HARTFORD – Lawmakers plan to vote Thursday on a bill that would modify some of the existing budget safeguards — one measure that would put aside more money in the “rainy day fund” and another that would allow the state to spend a greater amount of its revenue on programs like education funding.
The safeguards, capping how much the state can increase its budget, limiting the percentage of revenue that the state can spend, and requiring the state to put aside additional revenue in excess of $3.15 billion into a “rainy day fund,” were created as part of a bipartisan budget deal in 2017.
State Rep. Matt Ritter, D-Hartford, Speaker of the House, told CT Examiner that he had spoken to colleagues and that they felt that the rainy day fund needed to be enlarged to offset any declines in the stock market, which he said would have a “huge impact” on the amount the state can collect in capital gains tax.
Last year, the S&P 500 declined 34 percent, after a 35 percent gain in 2021.
According to State Rep. Holly Cheeseman, R-East Lyme, the State Comptroller was reporting declines in the pass-through entity tax and a slight decline in sales tax, but that recent employment numbers nationwide were positive. Cheeseman said that the state was benefiting from efforts to pay down pension obligations.
“We are in a better position in that at the very least, we freed up available revenue because we’d pay down pension to the tune of 300 or 400 million a year,” said Cheeseman.
In the last four years, Connecticut has had a $2.1 billion surplus and placed $7.2 billion in the rainy day fund, as well as using $5.8 billion to pay down some of the state’s unfunded pension liabilities, according to a press release from the Office of the Governor.
But Cheeseman said she believed that lawmakers should be “cautious.” She said that although sales tax had increased by about 12 percent last year due to inflation, they also needed to consider that when inflation drops, sales tax revenue will drop as well.
Ritter said the bill – which he expects to receive a vote on Thursday – would increase the amount required in the reserve fund in excess of the current 15 percent. Ritter said he felt that adding an additional $600-700 million to the rainy day fund would help protect the state from any sudden plunges in revenue caused by the stock market.
Ritter said he felt that even if revenues dropped significantly this April, the state would still have a large surplus.
“I think it’s unlikely that you’d have a problem in FY 23 or FY 24, and frankly even FY 25. I think the surplus is pretty robust [over] the next couple of fiscal years,” he said.
State Rep. Vincent Candelora, R-North Branford, the House Minority Leader, told CT Examiner that he believed the state had enough money to weather any potential stock market drops with the $3.1 billion that the state has put away.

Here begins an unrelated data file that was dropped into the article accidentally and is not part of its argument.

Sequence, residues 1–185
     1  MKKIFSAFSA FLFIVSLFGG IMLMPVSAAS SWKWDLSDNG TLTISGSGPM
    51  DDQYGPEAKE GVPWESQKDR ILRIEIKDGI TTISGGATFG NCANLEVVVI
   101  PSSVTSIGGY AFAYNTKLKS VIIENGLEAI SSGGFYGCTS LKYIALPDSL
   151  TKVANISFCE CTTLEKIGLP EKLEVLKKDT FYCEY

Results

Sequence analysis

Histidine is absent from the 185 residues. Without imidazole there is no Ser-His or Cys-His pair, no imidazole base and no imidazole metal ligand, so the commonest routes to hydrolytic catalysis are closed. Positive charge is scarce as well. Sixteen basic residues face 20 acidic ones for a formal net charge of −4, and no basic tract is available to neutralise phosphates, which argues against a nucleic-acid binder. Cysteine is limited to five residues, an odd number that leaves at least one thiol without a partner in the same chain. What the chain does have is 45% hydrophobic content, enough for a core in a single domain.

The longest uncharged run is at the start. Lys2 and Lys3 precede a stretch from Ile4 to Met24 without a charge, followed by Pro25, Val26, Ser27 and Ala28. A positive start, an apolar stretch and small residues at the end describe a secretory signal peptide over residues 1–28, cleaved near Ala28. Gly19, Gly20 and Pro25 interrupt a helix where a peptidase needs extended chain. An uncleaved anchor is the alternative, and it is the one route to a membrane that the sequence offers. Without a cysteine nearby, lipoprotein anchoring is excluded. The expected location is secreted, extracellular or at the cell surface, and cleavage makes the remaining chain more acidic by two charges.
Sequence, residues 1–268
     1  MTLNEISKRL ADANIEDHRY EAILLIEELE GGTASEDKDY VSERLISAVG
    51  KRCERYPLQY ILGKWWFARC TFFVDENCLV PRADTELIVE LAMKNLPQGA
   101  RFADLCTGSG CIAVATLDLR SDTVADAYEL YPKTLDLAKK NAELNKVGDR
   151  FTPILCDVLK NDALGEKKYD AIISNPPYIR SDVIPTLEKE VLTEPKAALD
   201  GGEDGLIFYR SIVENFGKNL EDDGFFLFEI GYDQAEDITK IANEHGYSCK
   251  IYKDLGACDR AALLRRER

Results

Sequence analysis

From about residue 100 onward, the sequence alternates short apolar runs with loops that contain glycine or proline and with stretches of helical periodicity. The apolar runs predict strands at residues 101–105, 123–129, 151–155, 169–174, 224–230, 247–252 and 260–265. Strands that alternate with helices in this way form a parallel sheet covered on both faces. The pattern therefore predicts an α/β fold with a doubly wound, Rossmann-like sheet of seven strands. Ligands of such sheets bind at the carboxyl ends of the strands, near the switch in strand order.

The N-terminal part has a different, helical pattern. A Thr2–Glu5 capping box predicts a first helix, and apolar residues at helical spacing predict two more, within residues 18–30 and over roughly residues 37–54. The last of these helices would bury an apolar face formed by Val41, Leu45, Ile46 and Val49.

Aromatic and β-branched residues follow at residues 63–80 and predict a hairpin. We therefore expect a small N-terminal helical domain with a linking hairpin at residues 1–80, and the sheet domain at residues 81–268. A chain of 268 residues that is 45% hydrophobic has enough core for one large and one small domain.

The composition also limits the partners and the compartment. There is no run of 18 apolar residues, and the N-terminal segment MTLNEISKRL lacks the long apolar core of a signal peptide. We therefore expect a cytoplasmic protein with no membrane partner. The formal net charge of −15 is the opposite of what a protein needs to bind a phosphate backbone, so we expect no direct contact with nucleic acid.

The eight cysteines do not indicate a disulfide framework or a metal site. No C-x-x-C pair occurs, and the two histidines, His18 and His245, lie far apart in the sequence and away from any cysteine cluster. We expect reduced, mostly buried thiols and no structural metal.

“I think we have sufficient resources to cover … the deficit that occurred in . and I don’t anticipate us seeing a market drop of that magnitude,” he said.
State Sen. Cathy Osten, D-Sprague, chair of the Appropriations Committee, said the Office of Fiscal Analysis was projecting a $1-2 billion surplus in each of the next two fiscal years. But she said they needed to be aware that the state was not going to be able to fund all the things that different legislators and groups were asking for, especially if they wanted to ensure that the programs already in place were funded properly.
“I think people should be cognizant of what we’re spending money on,” she said. “If they add up what everybody has decided that we’re going to spend, I think we’re around the $1 billion mark, and we’re not going to be able to do that,” she said. “So I just think people need to be conscious of that.”
Ritter also said legislators also planned to modify the revenue cap.
According to the current budget deal, the state is required to set aside 1.25 percent of its revenue — an amount that is scheduled to increase to 2 percent in the year 2026. But Ritter said that, over the last three years, the revenue cap had caused “a built-in surplus on top of record surpluses.”
Ritter said that if the legislature were to freeze the revenue cap at 1.25 percent rather than increasing the amount of money the state needed to put aside, the state would free up $200 million, which Ritter said could be put aside to pay for an increase to state education funding.
Candelora said that while the Republicans would prefer to leave all the caps as they are, he was willing to support freezing the cap at 1.25 percent. He also said that he was generally in favor of putting more money toward education, especially toward a “choice” model supporting technical, agricultural and magnet schools.
“I personally believe that the state foundation [education formula] has never been funded enough. So I do believe the state should put more money toward the education formula whenever it can,” he said.
Cheeseman said that “hypothetically,” she, too, would be in favor of freezing the revenue cap if all the other caps remained in place.
“We are only in the place we are to weather fiscal storms because of those caps, and we don’t help ourselves in any way, either … now or in the future by getting rid of the things that have put us in the position to be able to weather those fiscal storms,” she said.